By Katherine Reynolds
Slate clouds raced low over the town. A raw-boned man trudged
its deserted streets, bent double against the worsening storm.
Ahead, a welcoming yellow light shone out from ornate doors
flung wide. “Museum of Rural Life” a notice read. ‘Admission Free.’
My lucky day!
the man thought, fingering empty pockets.
He plunged into the museum’s quiet warmth, discarded
his sodden coat, and began to look about him. Stuffed birds and animals lined the walls. Locked in cabinets. Frozen in time.
Dominating the room, the sculpture of a farm worker;
foot resting on hay bale, pitchfork in hand. Life-like in bronze and set upon a low plinth. The raw-boned man reached up and
stroked its smooth, dark metal.
work, it is.’ The voice came down to him cracked and rumbling.
‘What’s that you say?’ asked the man, surprised.
‘Hefting bales! Try it why don’t you?’
The raw-boned man took the proffered pitchfork. Its unexpected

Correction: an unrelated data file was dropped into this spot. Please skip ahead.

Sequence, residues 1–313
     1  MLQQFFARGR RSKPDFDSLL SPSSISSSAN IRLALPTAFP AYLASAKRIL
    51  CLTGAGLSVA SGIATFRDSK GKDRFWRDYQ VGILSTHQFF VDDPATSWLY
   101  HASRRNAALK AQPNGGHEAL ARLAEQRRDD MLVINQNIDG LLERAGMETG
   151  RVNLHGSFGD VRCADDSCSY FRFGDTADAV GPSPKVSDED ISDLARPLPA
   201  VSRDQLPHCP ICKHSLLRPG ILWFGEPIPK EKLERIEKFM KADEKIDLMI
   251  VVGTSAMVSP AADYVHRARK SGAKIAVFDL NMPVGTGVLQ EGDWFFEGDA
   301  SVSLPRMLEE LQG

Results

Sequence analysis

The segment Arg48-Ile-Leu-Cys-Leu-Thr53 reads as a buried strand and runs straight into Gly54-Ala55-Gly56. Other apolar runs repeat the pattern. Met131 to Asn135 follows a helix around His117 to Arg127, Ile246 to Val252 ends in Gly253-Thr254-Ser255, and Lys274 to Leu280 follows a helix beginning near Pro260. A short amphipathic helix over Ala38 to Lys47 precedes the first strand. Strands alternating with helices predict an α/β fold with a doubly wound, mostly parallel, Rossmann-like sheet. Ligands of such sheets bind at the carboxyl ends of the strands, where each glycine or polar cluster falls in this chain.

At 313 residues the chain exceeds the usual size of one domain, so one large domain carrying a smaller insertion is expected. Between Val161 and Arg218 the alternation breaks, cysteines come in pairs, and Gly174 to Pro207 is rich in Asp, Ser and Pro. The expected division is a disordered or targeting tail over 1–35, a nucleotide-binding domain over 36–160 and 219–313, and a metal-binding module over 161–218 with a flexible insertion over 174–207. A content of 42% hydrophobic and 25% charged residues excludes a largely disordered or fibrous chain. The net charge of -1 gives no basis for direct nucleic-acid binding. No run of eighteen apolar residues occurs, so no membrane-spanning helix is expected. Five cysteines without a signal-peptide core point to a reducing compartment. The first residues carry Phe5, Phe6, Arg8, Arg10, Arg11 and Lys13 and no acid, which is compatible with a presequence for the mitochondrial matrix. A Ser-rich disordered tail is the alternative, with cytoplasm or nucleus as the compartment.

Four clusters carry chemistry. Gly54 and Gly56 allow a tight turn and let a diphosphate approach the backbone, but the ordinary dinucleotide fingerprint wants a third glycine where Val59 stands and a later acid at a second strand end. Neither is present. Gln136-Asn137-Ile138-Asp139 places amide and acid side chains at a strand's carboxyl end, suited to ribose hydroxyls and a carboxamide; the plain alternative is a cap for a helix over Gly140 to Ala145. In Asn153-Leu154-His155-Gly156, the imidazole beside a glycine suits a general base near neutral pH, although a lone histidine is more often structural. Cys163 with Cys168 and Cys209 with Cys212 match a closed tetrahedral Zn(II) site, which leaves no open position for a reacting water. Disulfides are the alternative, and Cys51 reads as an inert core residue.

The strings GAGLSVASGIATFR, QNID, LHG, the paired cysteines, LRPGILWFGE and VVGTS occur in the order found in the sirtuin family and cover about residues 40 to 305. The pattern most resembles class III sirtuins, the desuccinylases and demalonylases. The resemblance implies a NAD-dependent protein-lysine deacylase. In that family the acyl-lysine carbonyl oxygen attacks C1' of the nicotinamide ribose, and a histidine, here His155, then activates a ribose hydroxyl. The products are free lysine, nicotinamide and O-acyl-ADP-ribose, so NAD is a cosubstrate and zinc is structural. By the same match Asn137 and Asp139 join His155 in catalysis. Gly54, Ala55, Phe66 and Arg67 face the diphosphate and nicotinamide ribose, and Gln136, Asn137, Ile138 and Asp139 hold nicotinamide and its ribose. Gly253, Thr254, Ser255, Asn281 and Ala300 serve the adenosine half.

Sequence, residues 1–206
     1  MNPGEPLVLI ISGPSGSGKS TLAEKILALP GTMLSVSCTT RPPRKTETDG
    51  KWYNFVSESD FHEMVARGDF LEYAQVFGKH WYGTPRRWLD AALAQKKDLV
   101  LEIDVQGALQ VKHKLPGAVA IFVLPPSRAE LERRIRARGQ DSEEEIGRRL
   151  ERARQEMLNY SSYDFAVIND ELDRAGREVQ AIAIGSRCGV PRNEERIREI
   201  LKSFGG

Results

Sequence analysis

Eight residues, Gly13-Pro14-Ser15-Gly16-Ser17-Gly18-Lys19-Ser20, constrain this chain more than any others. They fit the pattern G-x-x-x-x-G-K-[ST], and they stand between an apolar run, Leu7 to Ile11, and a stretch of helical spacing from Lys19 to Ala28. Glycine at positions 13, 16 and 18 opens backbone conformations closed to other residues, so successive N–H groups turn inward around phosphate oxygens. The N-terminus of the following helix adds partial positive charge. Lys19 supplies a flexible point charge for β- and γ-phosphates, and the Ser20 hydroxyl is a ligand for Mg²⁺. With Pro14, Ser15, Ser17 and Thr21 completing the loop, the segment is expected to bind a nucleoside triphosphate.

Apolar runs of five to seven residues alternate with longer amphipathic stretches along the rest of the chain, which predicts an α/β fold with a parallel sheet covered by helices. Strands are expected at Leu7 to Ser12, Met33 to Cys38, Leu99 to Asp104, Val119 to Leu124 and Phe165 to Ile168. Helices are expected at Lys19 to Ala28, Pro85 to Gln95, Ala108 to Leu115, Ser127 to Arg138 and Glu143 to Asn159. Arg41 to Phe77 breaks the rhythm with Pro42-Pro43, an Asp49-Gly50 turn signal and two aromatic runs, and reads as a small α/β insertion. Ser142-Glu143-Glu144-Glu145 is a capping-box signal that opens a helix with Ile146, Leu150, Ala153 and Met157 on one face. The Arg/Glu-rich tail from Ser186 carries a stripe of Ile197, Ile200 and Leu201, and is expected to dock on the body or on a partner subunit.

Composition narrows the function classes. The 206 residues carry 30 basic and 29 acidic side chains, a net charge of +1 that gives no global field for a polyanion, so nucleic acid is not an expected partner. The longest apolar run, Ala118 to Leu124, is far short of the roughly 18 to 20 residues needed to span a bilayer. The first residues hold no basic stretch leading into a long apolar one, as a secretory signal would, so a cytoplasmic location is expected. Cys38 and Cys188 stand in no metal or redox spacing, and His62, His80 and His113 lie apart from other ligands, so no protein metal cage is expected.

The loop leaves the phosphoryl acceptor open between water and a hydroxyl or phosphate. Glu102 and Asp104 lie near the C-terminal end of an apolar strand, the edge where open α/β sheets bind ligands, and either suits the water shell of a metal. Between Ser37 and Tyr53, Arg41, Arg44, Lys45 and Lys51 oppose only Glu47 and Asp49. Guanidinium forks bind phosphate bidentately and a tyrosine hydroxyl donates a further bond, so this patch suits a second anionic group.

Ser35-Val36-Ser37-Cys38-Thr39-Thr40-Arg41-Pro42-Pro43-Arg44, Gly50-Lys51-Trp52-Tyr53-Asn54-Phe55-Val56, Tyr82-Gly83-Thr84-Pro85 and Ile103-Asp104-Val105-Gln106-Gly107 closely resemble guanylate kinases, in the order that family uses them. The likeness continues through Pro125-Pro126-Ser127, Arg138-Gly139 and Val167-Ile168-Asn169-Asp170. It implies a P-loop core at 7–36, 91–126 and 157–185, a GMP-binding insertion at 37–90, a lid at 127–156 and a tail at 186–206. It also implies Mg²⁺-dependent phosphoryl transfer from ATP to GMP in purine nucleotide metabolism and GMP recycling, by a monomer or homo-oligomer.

coldness sucked the new-found warmth from his body. His fingers whitened.
‘Have it back,’ he gasped. ‘Take it for
He looked up sharply.
The plinth was empty. He turned to see a figure shuffling
awkwardly toward the exit, overcoat slung over one shoulder.
‘That’s my coat,’ the raw-boned man cried
- but no sound came.
Distraught, he scrambled onto the plinth and drove the pitchfork
deep into the bale. Wearied by his efforts, he dropped down beside it. The room faded. His limbs became stiff with chill.
He gazed intently at his aching hands.
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